• Hillary Ross
    5 years ago

    I’ve got RA, Ankylosing Spondylitis, Fibromyalgia, and a new diagnosis of occipital neuralgia.
    I have horrible temporal headaches. My Dr. said its from my cervical spine is pressing on the nerves and the pain radiates from my neck all the way to my temporal area. It’s bizarre.
    I’m considering a procedure called a radio frequency ablation. It kills the nerves for anywhere from a month to almost a year.
    Eventually, the nerves regenerate and the procedure needs to be repeated, but I’ll take the relief!
    Has anyone here ever had a RF ablation? I’m a lil nervous about it :-/

  • Andrew Lumpe, PhD moderator author
    5 years ago

    Hillary, so sorry so all you’re dealing with. I’ve heard of RFA. It provides heat on nerve pathways. Does insurance pay for it? I hope you find relief!
    Andrew

  • Sue Ervin
    5 years ago

    When I was working 40+ hours a week and raising teenagers and later starting a business I had several headaches a month. Since I went on disability I no longer have migraines. I wonder if always pushing to “do” instead of listening to my body caused them. I think my body was just saying STOP.

  • Andrew Lumpe, PhD moderator author
    5 years ago

    Very well could be Sue. Maybe was a trigger for you. Glad they subsided now.

  • Jen
    6 years ago

    I was happy to see this article, I asked my Dr. about my headaches and she said that it was not a symptom. I thought that I was going crazy. I get at least a really bad one once a week, but wake up with a headache most days. I was diagnosed last May by my Rheumatologist. My primary didn’t take me serious until he saw first hand, no pun intended, how red and swollen my hands were. That’s when he ordered the blood work. I have been having these headaches for a long time and haven’t been able to get relief from the really gad ones, I just have to ride it out. Thank you for making the connection for me.

  • Jen
    6 years ago

    I have redness and hot to touch in my joints and areas around the joints, my Dr. said that is part of the disease. My question is this…If I have the redness and heat on my face, could that mean that the fluid around my head is being affected by the RA? My nose, the “t” area on my face and my ears get red hot, so much that my head feels like it can break out if I come in contact with paper and start an actual fire. My Dr. said that this isn’t from my RA, however I can’t get passed the point that I really think it is. Has anyone else ever had this problem? I’m on Enbrel and Methotrexate. I also suffer from chronic back pain~I’ve had 3 surgeries, I have spinal stenosis and degenerative disc disease. Among other medical problems. And oh, by the way was just told last week that I have fibromyalgia!!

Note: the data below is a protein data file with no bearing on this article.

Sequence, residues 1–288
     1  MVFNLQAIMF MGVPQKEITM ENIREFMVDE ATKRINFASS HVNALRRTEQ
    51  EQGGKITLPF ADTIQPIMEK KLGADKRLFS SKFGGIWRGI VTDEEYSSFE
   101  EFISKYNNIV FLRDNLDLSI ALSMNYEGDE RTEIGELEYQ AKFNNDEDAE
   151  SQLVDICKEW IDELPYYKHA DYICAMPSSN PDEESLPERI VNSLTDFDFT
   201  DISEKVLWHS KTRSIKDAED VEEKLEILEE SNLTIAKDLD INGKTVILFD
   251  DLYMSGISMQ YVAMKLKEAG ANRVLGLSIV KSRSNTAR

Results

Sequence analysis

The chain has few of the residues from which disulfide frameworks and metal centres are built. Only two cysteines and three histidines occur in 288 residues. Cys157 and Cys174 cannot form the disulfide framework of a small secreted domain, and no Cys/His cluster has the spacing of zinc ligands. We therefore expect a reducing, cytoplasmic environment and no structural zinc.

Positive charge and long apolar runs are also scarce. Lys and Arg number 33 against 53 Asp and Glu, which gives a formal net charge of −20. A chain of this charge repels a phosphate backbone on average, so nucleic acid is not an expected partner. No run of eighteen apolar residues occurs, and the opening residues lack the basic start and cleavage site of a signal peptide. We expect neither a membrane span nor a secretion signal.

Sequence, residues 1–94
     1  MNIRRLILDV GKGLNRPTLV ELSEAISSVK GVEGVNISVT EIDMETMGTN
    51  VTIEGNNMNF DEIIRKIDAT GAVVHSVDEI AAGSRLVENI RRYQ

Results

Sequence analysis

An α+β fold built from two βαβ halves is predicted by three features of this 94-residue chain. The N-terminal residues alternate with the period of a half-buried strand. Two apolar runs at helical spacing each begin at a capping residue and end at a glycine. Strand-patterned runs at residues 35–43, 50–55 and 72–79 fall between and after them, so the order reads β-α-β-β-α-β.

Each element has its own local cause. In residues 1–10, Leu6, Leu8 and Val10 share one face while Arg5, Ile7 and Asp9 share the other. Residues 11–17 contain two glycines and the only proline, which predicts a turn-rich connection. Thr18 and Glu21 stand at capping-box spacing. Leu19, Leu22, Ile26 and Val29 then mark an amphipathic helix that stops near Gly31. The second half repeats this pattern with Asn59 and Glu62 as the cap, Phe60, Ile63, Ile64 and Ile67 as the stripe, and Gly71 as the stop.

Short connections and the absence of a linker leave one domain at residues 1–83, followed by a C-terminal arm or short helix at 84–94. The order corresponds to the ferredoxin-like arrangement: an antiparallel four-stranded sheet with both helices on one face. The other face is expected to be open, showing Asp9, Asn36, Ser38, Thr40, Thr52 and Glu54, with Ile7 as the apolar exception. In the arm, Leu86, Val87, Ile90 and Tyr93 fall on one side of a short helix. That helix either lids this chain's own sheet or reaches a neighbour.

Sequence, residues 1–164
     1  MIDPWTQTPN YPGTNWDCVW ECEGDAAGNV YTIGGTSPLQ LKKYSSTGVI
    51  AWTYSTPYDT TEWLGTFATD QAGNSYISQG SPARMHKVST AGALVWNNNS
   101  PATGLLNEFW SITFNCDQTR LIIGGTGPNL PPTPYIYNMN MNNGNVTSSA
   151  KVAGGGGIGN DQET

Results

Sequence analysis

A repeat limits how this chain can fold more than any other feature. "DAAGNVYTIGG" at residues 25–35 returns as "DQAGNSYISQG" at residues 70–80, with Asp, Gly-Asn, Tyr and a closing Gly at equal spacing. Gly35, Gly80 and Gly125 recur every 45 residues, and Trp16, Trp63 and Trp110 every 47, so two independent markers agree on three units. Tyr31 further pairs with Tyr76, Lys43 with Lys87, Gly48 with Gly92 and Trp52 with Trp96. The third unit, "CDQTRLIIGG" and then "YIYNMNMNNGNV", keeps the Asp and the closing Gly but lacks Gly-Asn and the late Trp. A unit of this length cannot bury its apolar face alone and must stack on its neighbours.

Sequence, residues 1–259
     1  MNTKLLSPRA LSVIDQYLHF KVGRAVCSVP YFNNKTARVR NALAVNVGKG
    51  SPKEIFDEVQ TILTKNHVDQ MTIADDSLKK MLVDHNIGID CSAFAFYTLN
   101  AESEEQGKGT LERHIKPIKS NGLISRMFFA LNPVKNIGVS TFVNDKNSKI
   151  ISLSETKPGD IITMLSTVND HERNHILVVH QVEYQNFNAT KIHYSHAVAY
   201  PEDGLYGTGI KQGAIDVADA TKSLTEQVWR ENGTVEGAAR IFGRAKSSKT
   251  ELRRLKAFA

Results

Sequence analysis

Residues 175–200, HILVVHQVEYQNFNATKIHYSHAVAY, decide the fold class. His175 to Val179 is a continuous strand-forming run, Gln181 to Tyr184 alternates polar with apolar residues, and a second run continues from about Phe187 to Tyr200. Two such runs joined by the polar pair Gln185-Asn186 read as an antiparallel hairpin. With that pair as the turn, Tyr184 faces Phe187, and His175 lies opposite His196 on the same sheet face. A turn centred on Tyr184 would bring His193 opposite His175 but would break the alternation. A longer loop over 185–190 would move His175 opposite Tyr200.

• Andrew Lumpe, PhD moderator author
    6 years ago

    Hi Jen, glad you liked the article. Sorry for your recent diagnosis. Headaches may or may not be a symptom of RA or the meds used to treat it.

  • Nancy G
    6 years ago

    I have been diagnosed with RA for three years. I have always had migraines since starting menstruation, twice a month like clockwork. When I turned 50 they came on strong so it was rare when I didn’t have one. Many trips and tests later,and drugs, I am down to 1-2 a week. Which is handled with imitrex and excedrin. The RA diagnosis was three years ago and have tried many drugs but ended up in hte hospital two years ago, the result of immocompromised system. I have always wondered if there was a connection between the RA and the migraines. I have had intermitten joint pain over ten years. Interesting arcticle! Thanks.

  • Andrew Lumpe, PhD moderator author
    6 years ago

    Glad you liked the article Nancy. I can’t relate to the female hormonal reasons for migraines but understand that they are quite common. 🙂 They can’t tell a direct cause and effect between RA and migraines but there sure seems to be a higher number of people with autoimmune diseases who have them. 1-2 migraines a week are still too many! Are you on a long term preventative medicine? Andrew

  • Karen
    6 years ago

    great article. I was diagnosed with RA just this past June. For four years I had daily migraines and about 2 years ago I started having joint pain. Now that I am on meds my migraines are less frequent (once to twice a week) but still very debilitating. I have also met several others with RA who frequent migraines so it is very helpful to read about the connection.

  • Andrew Lumpe, PhD moderator author
    6 years ago

    Thanks Karen. It seems that migraines and RA go hand in hand for many. Glad you find the articles helpful and that your migraines are less frequent! Andrew